Over the next 12 months, 40 wind and solar farms are scheduled to begin full operation. Where are these projects located and why are there so many?
On April 30, the manager of the electricity grid AEMO (the Australian Energy Market Operator) released their updated generation information data. This data is updated every few months and provides a wealth of information about power stations in Australia’s electricity system (specifically the National Electricity Market, which includes all states and territories except the Northern Territory and Western Australia). This includes power stations in operation, under construction and planned.
Perhaps the most interesting information in this data is the Full Commercial Use Date estimations. This is an indication of when a new power station will become operationally available to generate electricity, after the completion of commissioning. The Full Commercial Use Date is not fixed and can change (see more below) but it is decent indicator of when new projects are expected to be connected to the electricity grid.
To make sense of this data, first a couple of definitions:
- A committed power station is a project that is proceeding to construction, with finance locked in and planning largely complete. It may have begun construction but it has not yet started commissioning or generating electricity.
- A power station in commissioning has completed construction and has begun the testing process in preparation for full commercial operation.
Now onto the data.
AEMO’s generation information shows that nine wind and solar farms are currently in the commissioning process, with another 31* committed projects scheduled to be fully operational within the next twelve months, by the end of April 2021.
In total that is an astonishing 40 new wind and solar farms ready or nearly ready to begin operation. The combined capacity of these power stations is 5,738MW – a huge amount of extra power, larger than the capacity of Victoria’s entire coal fleet.
Averaged out, this means a new wind or solar farm will begin operation every 9 days over the next year.
Victoria is home to 15 of these projects, Queensland has 10** and New South Wales has 10. South Australia has three and Tasmania has two. 21 of these projects are solar farms and 19 are wind farms. You can see the full list of projects in the table below.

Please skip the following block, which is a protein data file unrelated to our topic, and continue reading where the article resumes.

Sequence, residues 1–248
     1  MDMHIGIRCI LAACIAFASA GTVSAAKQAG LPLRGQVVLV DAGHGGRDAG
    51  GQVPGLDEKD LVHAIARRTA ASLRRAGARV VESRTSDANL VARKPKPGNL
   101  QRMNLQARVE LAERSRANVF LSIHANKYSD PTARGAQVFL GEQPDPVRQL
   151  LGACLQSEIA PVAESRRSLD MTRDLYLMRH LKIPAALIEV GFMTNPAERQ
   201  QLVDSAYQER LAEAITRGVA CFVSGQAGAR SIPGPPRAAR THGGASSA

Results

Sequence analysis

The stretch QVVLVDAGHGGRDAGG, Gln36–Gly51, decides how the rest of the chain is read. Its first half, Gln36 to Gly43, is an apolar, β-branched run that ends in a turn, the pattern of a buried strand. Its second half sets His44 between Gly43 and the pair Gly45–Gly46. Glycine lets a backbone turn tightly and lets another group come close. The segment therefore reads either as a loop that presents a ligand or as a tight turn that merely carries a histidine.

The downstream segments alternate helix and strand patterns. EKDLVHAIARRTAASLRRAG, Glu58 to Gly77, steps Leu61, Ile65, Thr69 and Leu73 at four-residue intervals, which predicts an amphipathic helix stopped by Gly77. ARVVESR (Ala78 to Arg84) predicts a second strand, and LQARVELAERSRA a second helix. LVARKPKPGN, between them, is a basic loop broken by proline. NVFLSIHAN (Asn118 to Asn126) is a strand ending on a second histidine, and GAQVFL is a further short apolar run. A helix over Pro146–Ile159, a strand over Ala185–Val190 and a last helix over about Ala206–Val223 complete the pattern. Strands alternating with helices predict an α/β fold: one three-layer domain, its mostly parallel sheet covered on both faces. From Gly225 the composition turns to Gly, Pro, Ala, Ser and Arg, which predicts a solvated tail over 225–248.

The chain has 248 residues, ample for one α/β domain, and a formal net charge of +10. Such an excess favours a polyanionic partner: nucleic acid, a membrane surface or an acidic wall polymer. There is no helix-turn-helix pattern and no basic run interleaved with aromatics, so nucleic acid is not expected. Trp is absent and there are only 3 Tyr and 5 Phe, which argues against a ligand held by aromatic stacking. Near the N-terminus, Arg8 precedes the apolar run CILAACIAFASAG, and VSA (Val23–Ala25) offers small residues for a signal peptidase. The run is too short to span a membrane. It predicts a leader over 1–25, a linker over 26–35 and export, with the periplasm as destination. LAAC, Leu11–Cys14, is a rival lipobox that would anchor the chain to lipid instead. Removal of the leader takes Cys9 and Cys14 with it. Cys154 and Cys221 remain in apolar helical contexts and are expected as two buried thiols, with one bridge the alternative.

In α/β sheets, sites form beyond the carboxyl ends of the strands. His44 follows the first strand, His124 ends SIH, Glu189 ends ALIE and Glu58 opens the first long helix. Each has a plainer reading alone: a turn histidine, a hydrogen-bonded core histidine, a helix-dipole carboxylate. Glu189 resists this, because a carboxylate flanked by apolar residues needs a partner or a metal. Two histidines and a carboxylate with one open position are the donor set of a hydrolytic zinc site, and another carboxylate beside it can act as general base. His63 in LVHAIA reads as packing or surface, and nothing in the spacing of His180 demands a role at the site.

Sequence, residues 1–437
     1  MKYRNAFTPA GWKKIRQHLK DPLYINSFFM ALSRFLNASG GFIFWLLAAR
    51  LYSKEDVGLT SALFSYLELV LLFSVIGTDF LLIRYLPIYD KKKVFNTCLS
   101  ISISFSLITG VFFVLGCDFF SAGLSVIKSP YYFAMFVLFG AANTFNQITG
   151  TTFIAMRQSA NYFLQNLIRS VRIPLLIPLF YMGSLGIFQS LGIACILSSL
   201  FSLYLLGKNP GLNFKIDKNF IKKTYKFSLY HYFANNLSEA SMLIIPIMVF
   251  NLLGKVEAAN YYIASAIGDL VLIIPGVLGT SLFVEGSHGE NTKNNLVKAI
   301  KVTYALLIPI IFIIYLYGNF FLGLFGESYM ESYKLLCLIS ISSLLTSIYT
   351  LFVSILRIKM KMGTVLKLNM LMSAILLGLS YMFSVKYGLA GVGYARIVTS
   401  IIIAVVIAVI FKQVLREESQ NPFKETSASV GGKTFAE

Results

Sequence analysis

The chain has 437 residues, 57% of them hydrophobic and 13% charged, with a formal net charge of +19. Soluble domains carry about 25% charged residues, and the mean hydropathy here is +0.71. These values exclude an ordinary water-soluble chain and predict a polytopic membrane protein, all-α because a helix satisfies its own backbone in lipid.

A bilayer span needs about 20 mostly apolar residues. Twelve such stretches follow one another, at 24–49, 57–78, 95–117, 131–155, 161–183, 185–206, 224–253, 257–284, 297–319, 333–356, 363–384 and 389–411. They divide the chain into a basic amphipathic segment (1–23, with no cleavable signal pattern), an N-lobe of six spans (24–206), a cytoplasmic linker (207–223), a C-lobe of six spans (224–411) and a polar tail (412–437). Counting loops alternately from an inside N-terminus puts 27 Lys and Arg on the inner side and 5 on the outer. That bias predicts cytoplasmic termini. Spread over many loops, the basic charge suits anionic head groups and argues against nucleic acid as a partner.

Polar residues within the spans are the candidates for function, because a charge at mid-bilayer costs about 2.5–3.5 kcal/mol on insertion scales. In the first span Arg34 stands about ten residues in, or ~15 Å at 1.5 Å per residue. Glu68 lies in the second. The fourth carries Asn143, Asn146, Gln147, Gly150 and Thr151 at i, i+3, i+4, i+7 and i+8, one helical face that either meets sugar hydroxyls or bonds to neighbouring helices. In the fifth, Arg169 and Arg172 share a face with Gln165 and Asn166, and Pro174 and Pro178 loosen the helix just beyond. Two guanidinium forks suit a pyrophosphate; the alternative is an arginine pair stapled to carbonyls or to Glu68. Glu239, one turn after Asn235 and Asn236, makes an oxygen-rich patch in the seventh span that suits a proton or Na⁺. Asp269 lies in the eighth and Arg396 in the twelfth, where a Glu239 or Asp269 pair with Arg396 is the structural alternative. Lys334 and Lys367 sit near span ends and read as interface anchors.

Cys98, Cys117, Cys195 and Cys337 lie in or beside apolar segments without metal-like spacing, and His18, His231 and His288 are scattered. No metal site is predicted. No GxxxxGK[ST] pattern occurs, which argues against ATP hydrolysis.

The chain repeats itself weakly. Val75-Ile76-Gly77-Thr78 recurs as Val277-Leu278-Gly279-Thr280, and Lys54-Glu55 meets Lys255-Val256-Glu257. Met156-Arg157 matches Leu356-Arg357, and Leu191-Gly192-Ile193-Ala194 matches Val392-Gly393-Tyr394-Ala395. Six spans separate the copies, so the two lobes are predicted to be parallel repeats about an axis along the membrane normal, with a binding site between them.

This is an extraordinary amount of new renewable capacity. What is the explanation for this huge number of complete or nearly complete projects joining the grid in such a short space of time?
The truth is many of these projects have been complete for months or even longer. New tough regulations introduced by AEMO to make sure wind and solar farms can safely and reliably operate in the grid and a lack of proper grid planning in years gone by have led to a significant backlog of wind and solar projects that have finished construction but have been forced to wait to connect to the grid.
AEMO updates the generation information data every few months and in the short time since the previous update in February, six wind and solar projects have had full commercial use dates pushed back significantly.
In Queensland, the Kennedy solar and wind project has had its full operation date pushed back by four months, as has the Warwick solar farm. In New South Wales, the Darlington Point solar farm has been pushed back by five months. But the worst delays have been experienced by two Victorian solar farms: the full commercial use date for the Yatpool solar farm has been pushed back by six months and the Cohuna solar farm has been delayed by a full year.
There are so many new wind and solar farms on some parts of the electricity network that the grid is becoming very congested. In some parts of the grid, like north-west Victoria, these problems are becoming really severe and the existing grid is close to being full.
Nonetheless, it appears that AEMO have established a good process to clear this backlog of projects waiting to connect and with better systems in place, hopefully the connection process for future projects will be far more efficient.
So with 40 wind and solar farms beginning operation, does this mean the renewable industry is alive and thriving? Well, not exactly. But that is a topic for another post.
Table. Dates for full commercial operation of new wind and solar projects.
|State:||Wind and solar projects||Full commercial use date||Size (MW)|
|SA||Bungala Two solar||May-20||135|
|VIC||Murra Warra Stage 1 wind||May-20||226|
|VIC||Cherry Tree wind||Jun-20||58|
|QLD||Coopers Gap wind||Jul-20||453|
|TAS||Cattle Hill wind||Jul-20||144|
|VIC||Kiamal Stage 1 solar||Jul-20||200|
|SA||Lincoln Gap wind stage 2||Aug-20||86|
|SA||Lincoln Gap wind stage 1||Aug-20||126|
|VIC||Mortlake South wind||Aug-20||158|
|NSW||Darlington Point solar||Sep-20||275|
|TAS||Granville Harbour wind||Sep-20||112|
|QLD||Oakey 2 solar||Oct-20||56|
|NSW||Limondale solar 1||Nov-20||220|
|VIC||Stockyard Hill wind||Dec-20||532|
|VIC||Glenrowan West solar||Dec-20||106|
|VIC||Bulgana Green Power Hub wind||Jan-21||194|
|NSW||Crudine Ridge wind||Apr-21||135|
|Total: 40 projects||5,738|
Much of the data in this post was sourced from AEMO’s Generation Information April 2020. This is the one-stop shop for information on power stations in the National Electricity Market and is updated every few months.
*This total includes the Mortlake South wind farm and the Limondale One solar farm, which are technically classified as emerging and maturing projects rather than committed projects. But both projects are expected to have full commercial use by the end of this year so I have included them in this list.
** Queensland is also home to the Hughenden solar farm. This project is committed but a full commercial use date is not provided and as such, it is not included in this post.